As far as getting jobs goes, if you know people, it probably shouldn't be that bad. If you're currently working in the tech industry, it might be worth talking to people at your current employer to see if they'd be supportive of you making this transition. The flexibility thing is something I'm still trying to work out, but one of the things I've noticed is that almost all the contractors I know have spouses with full-time traditional jobs. Which... isn't the position I'm in, anyway, or planning to be in anytime soon, but YMMV.
posted by Sequence at 12:45 PM on October 4 [9 favorites]


I'd say it's very realistic to re-skill into programming, provided that you have an aptitude for it. Some do, some don't. I'd suggest you take a MOOC before shelling out any money. Here's a list of some intro to programming courses with one mooc provider, Coursera There are other mooc companies; the Coursera courses I've taken have been free, but they're moving more to for-fee courses. Also books. I'll recommend some if you like, but you probably can choose better.

As for not liking math, I wouldn't worry about that. Depending on how you define math (is it math to decide what clothes to take on a trip and fit into your bag?), most programming doesn't require a lot of heavy math. Most programmers I know (and know dozens) aren't any better at math, in general, than non-programmers.

For 'hot skills', I'd just google it. Some of the job boards and tech rags publish top 10 hottest lists.

And, yes, I think it's quite likely that you'll find flexible work, once you've acquired the skills. It's a very in-demand skill, and one that lends itself to flexible work schedules.

But first take a class or two (for free) or work thru a book or two and see a) if you can hack it, and b) if you like it.
posted by cyclicker at 12:54 PM on October 4 [1 favorite]


Hardly any programming involves more than arithmetic: counting things, adding them up, calculating averages and ratios, etc. Even for the more advanced stuff, if you can do algebra and some basic calculus and trigonometry and statistics, you should be fine. Only if you are doing programming for actual scientific or mathematical applications would you need to know serious math.

I would expect a bootcamp to assume some level of programming experience even if they say "absolute beginner." Full-stack Web development involves a lot of moving parts and these days, you really need to know about security, too. Still, around 18 months seems doable if you already have a basic understanding of how computers work under the hood, are motivated, and have an aptitude for thinking logically and for breaking tasks down into small steps.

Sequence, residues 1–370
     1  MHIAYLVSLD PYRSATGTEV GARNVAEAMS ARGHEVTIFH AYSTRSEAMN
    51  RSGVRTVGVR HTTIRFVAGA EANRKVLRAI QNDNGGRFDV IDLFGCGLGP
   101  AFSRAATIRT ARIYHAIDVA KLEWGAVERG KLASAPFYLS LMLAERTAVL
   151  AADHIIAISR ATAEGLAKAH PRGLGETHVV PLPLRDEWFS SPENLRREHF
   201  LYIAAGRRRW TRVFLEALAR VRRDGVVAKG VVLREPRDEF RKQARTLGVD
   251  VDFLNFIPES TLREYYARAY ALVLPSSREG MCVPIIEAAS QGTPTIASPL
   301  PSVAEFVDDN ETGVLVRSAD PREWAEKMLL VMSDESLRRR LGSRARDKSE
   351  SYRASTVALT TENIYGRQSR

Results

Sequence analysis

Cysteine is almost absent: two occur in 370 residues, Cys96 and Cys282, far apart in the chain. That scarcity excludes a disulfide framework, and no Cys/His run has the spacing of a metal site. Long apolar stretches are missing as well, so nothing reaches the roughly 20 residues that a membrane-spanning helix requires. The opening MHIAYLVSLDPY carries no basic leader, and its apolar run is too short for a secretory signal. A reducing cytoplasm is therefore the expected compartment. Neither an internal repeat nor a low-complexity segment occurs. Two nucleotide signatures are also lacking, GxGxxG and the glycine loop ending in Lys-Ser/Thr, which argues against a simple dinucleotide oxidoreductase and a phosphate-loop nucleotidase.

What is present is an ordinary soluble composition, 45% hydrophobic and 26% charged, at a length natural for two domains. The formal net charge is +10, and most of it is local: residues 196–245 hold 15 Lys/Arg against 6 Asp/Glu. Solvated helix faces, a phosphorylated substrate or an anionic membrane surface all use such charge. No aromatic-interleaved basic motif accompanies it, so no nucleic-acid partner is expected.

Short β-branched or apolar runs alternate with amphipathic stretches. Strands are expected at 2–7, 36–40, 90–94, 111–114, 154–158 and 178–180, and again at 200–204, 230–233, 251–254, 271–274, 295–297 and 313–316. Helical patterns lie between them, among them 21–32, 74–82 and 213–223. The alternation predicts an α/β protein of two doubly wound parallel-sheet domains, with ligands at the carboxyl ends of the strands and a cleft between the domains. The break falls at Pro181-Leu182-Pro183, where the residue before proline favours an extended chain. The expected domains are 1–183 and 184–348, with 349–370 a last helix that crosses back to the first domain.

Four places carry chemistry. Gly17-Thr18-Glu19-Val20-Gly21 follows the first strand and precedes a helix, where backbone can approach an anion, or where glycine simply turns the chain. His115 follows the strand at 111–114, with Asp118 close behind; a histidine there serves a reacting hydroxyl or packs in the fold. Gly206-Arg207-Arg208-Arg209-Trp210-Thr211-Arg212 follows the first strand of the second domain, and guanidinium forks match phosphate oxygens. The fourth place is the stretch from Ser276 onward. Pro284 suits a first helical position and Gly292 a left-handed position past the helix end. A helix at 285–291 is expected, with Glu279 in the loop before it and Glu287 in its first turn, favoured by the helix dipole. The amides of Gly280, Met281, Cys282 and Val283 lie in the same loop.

You should be able to get work if you put together a decent portfolio including at least one application of reasonable complexity. Sure, there are companies that won't hire anyone without a bachelor's, but there are also plenty of companies that will. Agencies like Aquent have whole divisions that specialize in placing Web developers. Many agency contracts these days are pretty flexible as to hours and work location, too.
posted by kindall at 12:54 PM on October 4 [1 favorite]


So, I am a grad of a bootcamp program, and I did go from (nearly) zero programming experience to full-time work as a software developer over the course of a 10-week program. I don't really recommend bootcamps, though, at this point, for general reasons and for specific-to-your-situation reasons.

Speaking generally I think the industry expanded too much, too fast, and it doesn't really scale all that well (either in terms of finding quality students or in terms of finding quality first jobs for those students). Also, as Sequence points out, a few years ago you could teach people Rails and it was a sufficiently popular framework for a couple of years that there were lots of Rails shops with Rails jobs. Rails isn't dominant the way it was, and right now nothing else has the market share Rails had at its peak. So it's hard for the bootcamps to know what to be teaching, and I think as a result they can be all over the place.

To your case specifically, I think a bootcamp is unlikely to give you enough skills that you could immediately do really cool stuff on your own without working as part of an in-person or really high-quality remote team. I learned vastly more in my first year on the job than I did in class - coding is no different from any other career in this way. So you need to have good people to learn from and if you're not getting paid to work with good people it's a lot of extra work to find the info you need to grow.

Basically, Sequence's advice is really good. Work on your own for a bit. There's very little that they can teach you in a bootcamp that you can't learn on your own/from StackOverflow.
posted by mskyle at 12:55 PM on October 4 [2 favorites]


Do you like puzzles? Do you like logic problems? Do you enjoy something in the way of crafting? Do you feel that you're good at attention to detail? Do you enjoy tinkering with things?

These are REALLY great questions and I think could do a lot for helping to nail down whether this would be a good fit.

Just as an example, I personally can answer yes to all of these questions.
- I am great at putting things together and assembling things.
- I know personally I love logic problems. I love mysteries. I am a HORRIBLE person to tell a joke to because I always try to figure out the solution/punchline.
- I love hobbies that are very procedural (quilting, knitting, sewing). I also do most of these hobbies without patterns and can very easily make it up as I go and have it work out because I understand how things go together.